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Abu l'Hasan al-Ashari

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Title: Abu l'Hasan al-Ashari  
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Abu l'Hasan al-Ashari

Muslim scholar
Abu al-Hasan Ali ibn Ismaʻel al-Ashʻari
Title al-Ash'ari
Born AH 260 (873/874)
Died AH 324 (935/936)
Era Islamic golden age
Jurisprudence Sunni
Main interest(s) Islamic theology
Notable work(s) Maqālāt al-eslāmīyīn,[1] Ketāb al-loma,[2] Ketāb al-ebāna'an osūl al-dīāna[3]

Abū al-Hasan Alī ibn Ismā'īl al-Ash'arī (874 – 936) (Arabic: ابو الحسن علي ابن إسماعيل اﻷشعري‎) was a Muslim Arab theologian and an early follower of the Mu'tazila school[4] before studying under Abdullah ibn Sa'eed ibn Kullaab whom he was a follower of according to Ibn Taymiyyah. During this period of his life, a number of al-Ash'ari's students went on to propagate this Sunni theology.


Al-Ash'ari was born in Basra, Iraq, a descendant of the famous companion of Muhammad and arbitrator at Siffin for Ali ibn Abi Talib, Abu Musa al-Ashari. He spent the greater part of his life at Baghdad. Although belonging to an orthodox family, he became a pupil of the great Mutazalite teacher al-Jubba'i (d.915), and himself remained a Mutazalite until his fortieth year. In 912 he left the Mu'tazalites and became one of its most distinguished opponents, using the philosophical methods he had learned. Al-Ash'ari then spent the remaining years of his life engaged in developing his views and in composing polemics and arguments against his former Mutazalite colleagues. He is said to have written over a hundred works, from which only four or five are known to be extant.


Muslims consider him to be the founder of the sunni Ash'ari tradition of Aqeedah with followers such as Abul-Hassan Al-Bahili, Al-Baqillani, Al-Juwayni, Fakhr al-Din al-Razi, and Al-Ghazali.[5]

Al-Ash'ari was opposed to the views of the Mu'tazili school for its over-emphasis on rationalisation and philosophical ijtihad and reasoning.

"A section of the people (i.e., the Thahirites and others) made capital out of their own ignorance; discussions and rational thinking about matters of faith became a heavy burden for them, and, therefore, they became inclined to blind faith and blind following (taqlid). They condemned those who tried to rationalize the principles of religion as `innovators.' They considered discussion about motion, rest, body, accident, colour, space, atom, the leaping of atoms, and Attributes of God, to be an innovation and a sin. They said that had such discussions been the right thing, the Prophet and his Companions would have definitely done so; they further pointed out that the Prophet, before his death, discussed and fully explained all those matters which were necessary from the religious point of view, leaving none of them to be discussed by his followers; and since he did not discuss the problems mentioned above, it was evident that to discuss them must be regarded as an innovation."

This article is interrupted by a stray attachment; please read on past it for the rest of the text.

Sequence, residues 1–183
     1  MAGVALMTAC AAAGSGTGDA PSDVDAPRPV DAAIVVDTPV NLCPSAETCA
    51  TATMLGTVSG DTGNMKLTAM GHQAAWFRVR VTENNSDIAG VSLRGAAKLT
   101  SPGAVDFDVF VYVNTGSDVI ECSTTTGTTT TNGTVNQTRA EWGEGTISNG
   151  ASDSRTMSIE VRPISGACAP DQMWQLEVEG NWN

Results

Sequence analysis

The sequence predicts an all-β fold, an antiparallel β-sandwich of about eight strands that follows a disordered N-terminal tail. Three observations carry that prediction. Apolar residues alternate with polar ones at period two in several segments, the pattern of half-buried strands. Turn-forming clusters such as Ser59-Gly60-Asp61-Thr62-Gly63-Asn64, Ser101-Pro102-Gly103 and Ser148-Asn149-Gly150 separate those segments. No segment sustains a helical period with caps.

The historian, Al-Dhahabi said of al-Ash'ari: "I saw four works of Abu al-Hasan relating to Aqidah theological fundamentals in which he mentioned the principals of the school of thought of the early scholars, the salaf, pertaining to the attributes. He said in each of them, 'We leave them as they are,' and then saying, 'This is my position by which I practice my religion and they are not to be interpreted to other than their apparent meanings.'"[6] Al-Dhahabi then quoted Abu al-Hasan, in the latter's book entitled Al-'Amd fi al-Ruyah, listing the books he had authored, saying the following, "... And a book about the attributes, the largest of our books, in which we contradict what we had previously authored in correcting the Mu'tazili school of thought.[6]


Shah Waliullah, a 18th century Sunni Islamic scholar stated:

A Mujadid appears at the end of every century: The Mujadid of the first century was Imam of Ahlul Sunnah, Umar bin Abdul Aziz. The Mujadid of the second century was Imam of Ahlul Sunnah Muhammad Idrees Shaafi. The Mujadid of the third century was the Imam of Ahlul Sunnah, Abu al-Hasan al-Ash'ari. The Mujadid of the fourth century was Abu Abdullah Hakim Nishapuri.[7]


The Ashari scholar Ibn Furak numbers Abu al-Hasan al-Ash'ari's works at 300, and the biographer Ibn Khallikan at 55;[8] Ibn Asāker gives the titles of 93 of them, but only a handful of these works, in the fields of heresiography and theology, have survived. The three main ones are:

  • Maqālāt al-islāmīyīn,[1] it comprises not only an account of the Islamic sects but also an examination of problems in kalām, or scholastic theology, and the Names and Attributes of Allah; the greater part of this works seems to have been completed before his conversion from the Mutaziltes.
  • Kitāb al-luma[2]
  • Kitāb al-ibāna 'an usūl al-diyāna,[3] an exposition of his developed theological views and arguments against Mutazilite doctrines. The book was primarily an orthodox critique of radical elements of the Hanbali school of thought in general, and polemicist Al-Hasan ibn 'Ali al-Barbahari in particular.[9]


Further reading

  •  Template:Islamic Theology

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